During the 2016-17 school year, Kyle finished his 6th year as a school psychologist.  As Kyle reflected on his career as a school psychologist, his favorite parts of the profession have been the flexibility that it provides in his schedule, and the different roles that might be played in different buildings.  He has worked with Kindergarten through High School students, and has found that while "every day is similar,  it's never the same day twice.  If I had the same schedule every day, I would go crazy."  With the variability from day to day, there is a lot of organization that goes into maintaining a calendar and his "to do" list.  Challenges as a school psychologist included being in so many different buildings.  Kyle shared that he frequently has before and after school meetings, including Student Improvement Team (SIT) meetings, as well as Individual Education Plan (IEP) meetings.  He also has several meetings during the school day to discuss student needs and to support staff.  He tries to schedule 1 or 2 testing sessions each day, as well as observations in 2 or 3 classrooms, including those students in evaluation or students in the SIT process.  Kyle works hard to be visible in the schools as a resource that can be easily accessed.  Kyle also tries to schedule report writing time within the day, finding that if he schedules the time to actually sit down and write a small section of the report, it's not so overwhelming to complete the report by the time of the staffing meeting; however, there are times when it "all piles up."  Kyle's duties also include consultation with teachers, developing interventions or suggestions of interventions to try, having the quick conversations in the hallways to check-in on how things are going, and then is also the chair of the SIT meetings in his buildings.

      Kyle reflected on the challenge of learning the culture of each building and developing the relationships necessary to be effective as a school psychologist.  He noted that there is "value in school psychologists being in the same location each year."  He noted that because the role of the school psychologist is as an itinerant, being in a building perhaps 2 or 3 days a week, it often takes several years to "develop the same level of relationship as someone in a building every day."  Kyle noted that being able to deal effectively with school politics, critical issues that occur within each building, and addressing behavioral concerns that increase stress in relationships is impacted by the school psychologist's ability to develop relationships with those that they work with.  Once relationships are built, building a level of trust, this allows for the school psychologist to work more effectively and efficiently within each system, with staff members being more willing to attempt new ideas or interventions to impact the individual student as well as the school as a system.

      The Student Improvement process follows the 3-tiered structure, including classroom interventions, parent contact and input, and professional time to brainstorm.  Level 3 is more formal and is still being developed, with Kyle guiding the process and helping staff to understand the data that is needed.  He spends a large portion of time with general education supports, but continues to spend at least 80% or more of his time on evaluation and IEP meetings.  Kyle has found that it can be an advantage for him, as a male in the school, providing an opportunity for a strong male figure in the life of students or providing the connection that students are missing.  He typically counsels 2 or 3 students at any given point, mostly focusing on self-regulation skills, cognitive behavior strategies, and solution-focused strategies.  He attempts to engage the students in the learning process, working through the Social Emotional Learning process, helping them to develop the skills they need to cope with everyday life challenges.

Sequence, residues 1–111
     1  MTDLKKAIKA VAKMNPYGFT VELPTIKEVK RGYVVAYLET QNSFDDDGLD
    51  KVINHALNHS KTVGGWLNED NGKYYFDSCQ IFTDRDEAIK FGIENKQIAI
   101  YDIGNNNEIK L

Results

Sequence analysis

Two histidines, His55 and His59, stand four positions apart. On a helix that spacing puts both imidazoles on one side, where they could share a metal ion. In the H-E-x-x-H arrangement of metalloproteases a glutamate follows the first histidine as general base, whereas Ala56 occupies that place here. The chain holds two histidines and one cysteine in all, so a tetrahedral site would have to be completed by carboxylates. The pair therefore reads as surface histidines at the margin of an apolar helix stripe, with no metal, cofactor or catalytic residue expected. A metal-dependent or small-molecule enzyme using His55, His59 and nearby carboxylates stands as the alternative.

In addition to being a Board Member of KASP and a practicing school psychologist, Kyle is also a published author.  He had been thinking about how to use his training and knowledge as a school psychologist for several years, focusing on the possibility of a book but wasn't sure what to write about.  His work with Head Start parents who wanted to help their children develop social emotional skills, but being unsure of how or what to do, led him to write a book to promote the skills.  His book, entitled Bug and Boo, was begun approximately 2 years ago, using the nicknames of his own children "Bug" and "Boo".  He was inspired at a NASP Leadership training regional meeting, meeting a fellow school psychologist whom had written Greatness is my Superpower.  Through his conversations, he was able to find a path to completing his book, and that it was an achievable goal.  

       Bug and Boo is a children's book for ages 3-8 that is intended to support the teaching of  social  emotional skills by introducing concepts to children and  providing specific strategies  that  caregivers can use to help children understand  and use the skills described in the book.  With a  focus on an engaging story and  characters children can relate to, Bug and Boo hopes  to become a  staple in  homes, preschools, child care facilities, and early elementary school  classrooms.

       Kyle joined the #psychedpodcast streamed on February 12, 2017 to discuss his book and work in the schools.

      Kyle was also featured in The Hays Daily News reviewing the publishing of his book.

      Kyle was asked to reflect on the recruitment of students for the field of school psychology, answering the question of "Why become a school psychologist?"

      "As a school psychologist, there is the opportunity to influence the trajectory of so many kids.  Not just the kids that you work with directly, but also with the conversations you have in schools with teachers and principals, helping to guide procedures and policies, and helping schools be more effective than they currently are.  When you can change reading outcomes for a 2nd grader, setting them on a different path to get to college or success as an adult, that's a pretty big influence.  That influence expands for 500 to 1,000 kids.  It's pretty amazing to have that level of influence.  The work we're doing is creating the next generation of leaders in our community.

      Just as with other teachers and people working with kids, school psychology can have it's frustrations and stressors, but it also has incredible moments of happiness and pride. When you see a "lightbulb" click for a kid or something that you and your colleagues have successfully achieved, being able to see kids overcome behavioral challenges or difficulty with math facts or reading, seeing the overall growth that kids make and knowing that you have played a role in that success.  That's what makes being a school psychologist so rewarding."